Bootcamp 2022: The foundations of a great tax plan

Medical Economics Journal, Medical Economics May 2022 edition, Volume 99, Issue 5

Discover actionable tips to grow your retirement nest egg.

See the full video presentation here.

INTRODUCTION

Doctors and consumers generally know it’s best to start saving for retirement as much as possible, as early as possible. A 2021 survey by the American College of Physicians member insurance program found about half of early-career physicians, those in their 30s and 40s, were behind where they would like their savings portfolio to be.

In 2021, inflation forced Americans to reconsider the value of a dollar, now and in the future. In the 12 months from January 2021 to January 2022, the Consumer Price Index for All Urban Consumers rose 7.5%, according to the federal Bureau of Labor Statistics. Doctors were left wondering how to put more money in their pockets to cover rising costs in the future.

Remarking on the ratification of the U.S. Constitution, Founding Father Benjamin Franklin noted that “in this world, nothing is certain except death and taxes.” Physicians spend their careers helping patients fight against the former. For their own financial health, they should consider ways to fend off the latter.

LEARNING OBJECTIVES

Discover actionable tips to grow your retirement nest egg.

Identify tax minimization strategies well suited for you and how to use them.

Understand the benefits and steps required to personalize your financial planning.

MEET THE PANELIST

Alexis E. Gallati, EA, MBA, M.S. Tax, CTP, founder and lead tax strategist at Cerebral Tax Advisors of Knoxville, Tennessee. Gallati is the author of the book “Advanced Tax Planning for Medical Professionals” and has written for Medical Economics®.

Reducing tax burdens puts more money
into physicians’ savings

Taxes are one of the biggest expenses physicians will have throughout their careers.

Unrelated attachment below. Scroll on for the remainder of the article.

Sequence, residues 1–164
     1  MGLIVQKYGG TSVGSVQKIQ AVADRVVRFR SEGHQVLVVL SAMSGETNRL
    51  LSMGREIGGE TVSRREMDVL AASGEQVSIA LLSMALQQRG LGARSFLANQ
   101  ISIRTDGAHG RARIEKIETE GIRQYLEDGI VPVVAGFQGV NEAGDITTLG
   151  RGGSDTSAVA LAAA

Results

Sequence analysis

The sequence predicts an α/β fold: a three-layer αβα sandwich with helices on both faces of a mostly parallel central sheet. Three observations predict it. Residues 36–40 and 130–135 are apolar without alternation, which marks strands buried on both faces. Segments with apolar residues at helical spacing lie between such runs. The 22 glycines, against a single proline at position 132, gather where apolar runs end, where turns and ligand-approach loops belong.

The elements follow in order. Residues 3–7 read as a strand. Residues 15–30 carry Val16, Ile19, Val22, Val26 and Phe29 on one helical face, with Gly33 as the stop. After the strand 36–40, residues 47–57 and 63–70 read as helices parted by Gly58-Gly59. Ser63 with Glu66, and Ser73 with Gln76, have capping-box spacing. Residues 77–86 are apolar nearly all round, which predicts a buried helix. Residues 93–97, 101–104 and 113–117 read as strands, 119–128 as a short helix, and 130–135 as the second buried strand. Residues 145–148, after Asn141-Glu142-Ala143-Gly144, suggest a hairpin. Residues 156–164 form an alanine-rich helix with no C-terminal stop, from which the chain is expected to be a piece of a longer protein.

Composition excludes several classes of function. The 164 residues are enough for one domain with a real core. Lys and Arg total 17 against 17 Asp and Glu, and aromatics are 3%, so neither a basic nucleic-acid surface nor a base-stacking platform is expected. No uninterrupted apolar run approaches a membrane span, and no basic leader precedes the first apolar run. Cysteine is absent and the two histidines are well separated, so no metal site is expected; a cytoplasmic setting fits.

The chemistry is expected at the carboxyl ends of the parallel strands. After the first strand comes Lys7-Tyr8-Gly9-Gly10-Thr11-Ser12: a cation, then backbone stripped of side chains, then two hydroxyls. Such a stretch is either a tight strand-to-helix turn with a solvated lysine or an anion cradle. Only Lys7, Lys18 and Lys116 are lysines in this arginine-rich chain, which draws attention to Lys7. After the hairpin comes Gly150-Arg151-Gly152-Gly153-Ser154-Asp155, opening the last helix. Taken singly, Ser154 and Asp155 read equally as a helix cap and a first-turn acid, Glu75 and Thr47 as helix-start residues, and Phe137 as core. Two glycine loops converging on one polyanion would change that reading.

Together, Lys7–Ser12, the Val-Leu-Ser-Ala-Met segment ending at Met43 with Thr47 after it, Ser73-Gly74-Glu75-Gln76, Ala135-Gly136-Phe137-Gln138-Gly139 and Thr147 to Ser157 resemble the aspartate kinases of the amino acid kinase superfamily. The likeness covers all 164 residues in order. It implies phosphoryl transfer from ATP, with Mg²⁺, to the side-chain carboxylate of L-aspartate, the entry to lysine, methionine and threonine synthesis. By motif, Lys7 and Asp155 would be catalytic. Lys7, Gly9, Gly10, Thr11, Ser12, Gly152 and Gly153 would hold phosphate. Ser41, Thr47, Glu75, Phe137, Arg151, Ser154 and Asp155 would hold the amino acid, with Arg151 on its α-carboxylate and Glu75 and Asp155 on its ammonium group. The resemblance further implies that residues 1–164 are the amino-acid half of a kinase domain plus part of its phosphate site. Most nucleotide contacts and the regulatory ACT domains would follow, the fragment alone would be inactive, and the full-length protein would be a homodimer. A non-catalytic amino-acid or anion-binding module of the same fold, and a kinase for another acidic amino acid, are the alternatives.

Failing to plan for them is one of the biggest mistakes they can make, says Alexis Gallati, EA, MBA, M.S. Tax, CTP, the founder and lead tax strategist at Cerebral Tax Advisors of Knoxville, Tennessee.

To start, there are two ways to save money.

Defense is cutting expenses and spending less. That is helpful but goes only so far, Gallati says.

Going on offense means creating a plan that reduces tax burdens to put more money in physicians’ pockets to make more money.

Gallati referred to the golf maxim: Drive for show, putt for dough. “Tax planning is definitely putting for dough,” she says.

Physicians should have a healthy respect for the Internal Revenue Service (IRS). Unwarranted fear and “audit paranoia” can be a huge mistake, Gallati says.

Audit rates are at historic lows. In 2019 the overall rate was half of 1% and the IRS tends to target small proprietorships in cash-heavy industries, Gallati says.

“The truth is, most experts say it pays to be aggressive and that’s because overall audit odds are so low that most legitimate deductions aren’t likely to wave red flags,” she says.

Physicians can consider forming their own small business entities. Most start as a sole proprietor and then grow, Gallati said.